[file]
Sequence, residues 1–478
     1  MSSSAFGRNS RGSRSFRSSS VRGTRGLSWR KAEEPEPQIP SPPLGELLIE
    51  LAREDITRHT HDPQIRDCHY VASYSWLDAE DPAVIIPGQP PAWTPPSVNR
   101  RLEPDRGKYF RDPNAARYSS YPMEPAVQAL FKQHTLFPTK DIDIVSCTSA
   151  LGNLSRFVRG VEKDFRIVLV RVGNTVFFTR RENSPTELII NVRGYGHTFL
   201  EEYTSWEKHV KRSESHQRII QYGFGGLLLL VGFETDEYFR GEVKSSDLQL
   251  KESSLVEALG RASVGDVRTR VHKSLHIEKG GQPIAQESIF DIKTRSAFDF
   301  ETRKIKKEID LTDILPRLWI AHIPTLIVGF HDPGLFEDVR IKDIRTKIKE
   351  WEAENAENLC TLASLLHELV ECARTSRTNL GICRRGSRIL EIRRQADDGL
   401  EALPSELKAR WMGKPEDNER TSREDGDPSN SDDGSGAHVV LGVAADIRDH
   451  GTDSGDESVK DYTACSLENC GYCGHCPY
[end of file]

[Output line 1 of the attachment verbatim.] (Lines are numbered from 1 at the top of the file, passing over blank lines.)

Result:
Sequence, residues 1–478